Being physically fit is critical because you must often be your own pack mule, hauling equipment to a shoot site. It’s the back that takes much of the strain, which is why you need a 10- to 15-minute session twice a week to strengthen your core muscles, not just your back. Working on your core will also help transform fat into muscle.
Sports and nature photographers and photojournalist are typically on their feet continuously. To cover sporting events adequately, photographers must often move from one end of a field or court to the other throughout the game. They may also have to kneel and rise to their feet many times. Nature photographers may have to hike for hours, or even days, to reach their desired locations. They must walk on a great variety of terrains with equipment. Your weekly exercises should also focus on strengthening legs, knees and ankles to reduce injuries, which you wouldn’t want to occur in the backcountry. A daily walk of 30 minutes is an easy method to improve the stamina of your legs.
During any shoot, a photographer’s arms, hands and fingers are vital tools, since they must hold cameras, sometimes with heavy lens, for long periods of time, and hold them securely. You can find specific exercises on the Web to build muscle in your arms, hands and fingers. Using a simple grip exerciser will also do the trick.
Make sure to have an eye exam once a year. After all, you can’t do much photography and focus accurately without good vision. You can also try eye exercises that your optometrist will suggest or are available on the Web.
Add some stability exercises to your fitness regimen, especially if you’re a nature photographer that must walk on uneven surfaces.
Rest and sleep are also important if your photography assignments require long days, and long nights, on occasion. You’ve heard it many times before, but 7 to 8 hours of sleep EVERY night gives your body the rest it needs and re-energizes it for your next challenge. Taking control of your schedule and learning how to manage your time better will reveal time periods throughout the day and week when you can relax. Studies show that many people that must work 10+ hours a day, six or seven days a week, are not actually that busy; they just don’t manage their time well.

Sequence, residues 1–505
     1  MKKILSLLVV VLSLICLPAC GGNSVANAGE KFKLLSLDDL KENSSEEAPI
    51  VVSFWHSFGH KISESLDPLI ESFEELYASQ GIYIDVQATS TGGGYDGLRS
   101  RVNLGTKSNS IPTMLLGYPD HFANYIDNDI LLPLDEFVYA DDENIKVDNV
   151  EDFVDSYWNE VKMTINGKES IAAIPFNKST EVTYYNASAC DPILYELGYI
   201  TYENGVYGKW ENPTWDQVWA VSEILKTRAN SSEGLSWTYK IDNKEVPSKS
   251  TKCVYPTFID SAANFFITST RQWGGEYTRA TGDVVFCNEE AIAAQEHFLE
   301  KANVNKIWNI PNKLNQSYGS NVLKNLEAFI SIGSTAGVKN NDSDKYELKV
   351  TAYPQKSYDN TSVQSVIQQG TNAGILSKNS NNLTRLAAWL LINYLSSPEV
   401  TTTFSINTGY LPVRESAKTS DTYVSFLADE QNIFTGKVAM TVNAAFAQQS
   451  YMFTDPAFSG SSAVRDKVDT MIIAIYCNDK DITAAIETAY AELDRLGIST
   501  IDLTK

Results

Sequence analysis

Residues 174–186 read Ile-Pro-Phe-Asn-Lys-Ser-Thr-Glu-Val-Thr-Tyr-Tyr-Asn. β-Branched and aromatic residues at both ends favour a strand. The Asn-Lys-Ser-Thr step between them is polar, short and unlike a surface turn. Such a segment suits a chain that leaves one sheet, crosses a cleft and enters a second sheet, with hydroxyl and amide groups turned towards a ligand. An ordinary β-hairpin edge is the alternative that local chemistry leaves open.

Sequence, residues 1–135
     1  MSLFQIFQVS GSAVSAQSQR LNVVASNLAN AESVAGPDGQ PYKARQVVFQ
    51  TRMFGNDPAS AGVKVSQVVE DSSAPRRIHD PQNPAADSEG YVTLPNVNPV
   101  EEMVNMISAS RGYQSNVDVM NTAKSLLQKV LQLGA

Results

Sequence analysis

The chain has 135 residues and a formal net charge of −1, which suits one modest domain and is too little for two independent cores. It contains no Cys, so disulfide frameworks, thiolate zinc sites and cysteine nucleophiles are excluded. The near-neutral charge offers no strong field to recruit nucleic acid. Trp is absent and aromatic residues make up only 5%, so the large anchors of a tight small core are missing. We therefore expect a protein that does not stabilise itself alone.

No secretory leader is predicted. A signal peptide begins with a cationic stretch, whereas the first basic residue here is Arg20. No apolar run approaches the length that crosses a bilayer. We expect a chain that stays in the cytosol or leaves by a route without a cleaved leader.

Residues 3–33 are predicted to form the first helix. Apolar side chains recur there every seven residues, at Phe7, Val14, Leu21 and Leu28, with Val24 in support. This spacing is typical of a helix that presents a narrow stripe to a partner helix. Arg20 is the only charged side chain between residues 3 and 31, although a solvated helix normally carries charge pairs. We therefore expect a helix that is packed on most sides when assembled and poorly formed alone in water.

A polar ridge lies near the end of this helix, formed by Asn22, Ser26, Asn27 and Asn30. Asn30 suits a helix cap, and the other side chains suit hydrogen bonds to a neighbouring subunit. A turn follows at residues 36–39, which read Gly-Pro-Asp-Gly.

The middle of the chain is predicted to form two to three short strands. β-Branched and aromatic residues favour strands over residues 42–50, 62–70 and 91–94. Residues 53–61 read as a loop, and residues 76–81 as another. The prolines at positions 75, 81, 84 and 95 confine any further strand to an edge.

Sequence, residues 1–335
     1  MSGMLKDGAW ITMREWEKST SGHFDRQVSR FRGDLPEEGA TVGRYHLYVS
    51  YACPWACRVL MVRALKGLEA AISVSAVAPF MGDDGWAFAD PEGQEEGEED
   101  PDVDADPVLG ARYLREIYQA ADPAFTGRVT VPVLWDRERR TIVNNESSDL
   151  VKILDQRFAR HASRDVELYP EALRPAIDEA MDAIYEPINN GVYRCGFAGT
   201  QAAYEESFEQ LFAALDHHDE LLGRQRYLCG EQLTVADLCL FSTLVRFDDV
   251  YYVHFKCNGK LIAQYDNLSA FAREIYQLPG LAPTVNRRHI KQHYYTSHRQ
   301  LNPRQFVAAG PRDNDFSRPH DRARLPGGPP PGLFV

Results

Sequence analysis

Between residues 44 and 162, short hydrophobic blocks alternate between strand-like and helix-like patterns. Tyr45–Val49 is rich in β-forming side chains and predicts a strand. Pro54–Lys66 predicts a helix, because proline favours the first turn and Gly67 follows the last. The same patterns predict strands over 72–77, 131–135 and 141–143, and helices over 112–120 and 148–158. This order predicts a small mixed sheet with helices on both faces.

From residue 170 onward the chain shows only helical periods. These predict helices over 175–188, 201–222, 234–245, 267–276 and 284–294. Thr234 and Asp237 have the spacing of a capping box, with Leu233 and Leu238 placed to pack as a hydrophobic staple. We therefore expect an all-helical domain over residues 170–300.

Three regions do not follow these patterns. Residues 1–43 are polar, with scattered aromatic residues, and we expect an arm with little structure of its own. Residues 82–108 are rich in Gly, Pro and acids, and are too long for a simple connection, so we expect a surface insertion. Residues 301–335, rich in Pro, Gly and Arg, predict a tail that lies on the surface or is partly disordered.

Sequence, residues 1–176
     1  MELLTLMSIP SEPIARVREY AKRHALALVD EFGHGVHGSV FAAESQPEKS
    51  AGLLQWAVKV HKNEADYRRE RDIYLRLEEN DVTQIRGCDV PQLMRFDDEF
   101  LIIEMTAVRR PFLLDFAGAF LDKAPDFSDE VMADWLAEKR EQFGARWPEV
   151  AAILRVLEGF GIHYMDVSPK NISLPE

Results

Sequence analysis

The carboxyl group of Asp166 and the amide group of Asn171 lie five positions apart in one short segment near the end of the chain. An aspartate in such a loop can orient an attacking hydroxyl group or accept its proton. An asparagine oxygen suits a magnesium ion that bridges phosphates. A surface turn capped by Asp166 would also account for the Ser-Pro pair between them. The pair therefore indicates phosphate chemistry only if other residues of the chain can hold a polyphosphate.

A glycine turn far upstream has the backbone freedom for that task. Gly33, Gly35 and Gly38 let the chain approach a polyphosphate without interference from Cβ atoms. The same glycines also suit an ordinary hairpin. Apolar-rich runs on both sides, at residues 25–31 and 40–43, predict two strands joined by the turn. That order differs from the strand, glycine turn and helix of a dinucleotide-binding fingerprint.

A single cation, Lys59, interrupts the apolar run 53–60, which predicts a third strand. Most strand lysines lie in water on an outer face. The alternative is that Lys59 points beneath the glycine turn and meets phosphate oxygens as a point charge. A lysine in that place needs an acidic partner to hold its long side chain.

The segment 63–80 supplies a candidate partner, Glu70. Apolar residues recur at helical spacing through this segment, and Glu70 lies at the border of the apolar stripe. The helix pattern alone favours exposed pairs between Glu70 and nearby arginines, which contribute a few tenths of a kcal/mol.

Relaxation is also important as a way to relieve some of the stress of an active photographer’s life. Try to find a place that doesn’t remind you of photography; try to block any thoughts about it from your mind. There are also a great variety of relaxation techniques you can find on the Internet.
Like many busy people, you can find yourself eating an improper diet: Skipping breakfast, a hurried lunch of something far from nutritious or a late dinner too close to bedtime. Try to be more conscious of your diet and find the many healthy alternatives that are available, even when you must eat quickly.
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Many types of photography assignments require long days of carrying equipment and shooting at multiple locations, often in less than ideal conditions, with hot lights or hot weather. Even if most of your photography takes place in a studio, you’re bending and stretching as you assemble/disassemble equipment and move lights, accessories and backgrounds. Photo shoots can also be stressful, as you work hard to position a client or product just right, wait for the perfect sunset or become frustrated with equipment that won’t work correctly. Plus, you might have a demanding client to keep happy. It’s likely you will benefit from scheduling some time to improve your physical and mental health with the following tips.
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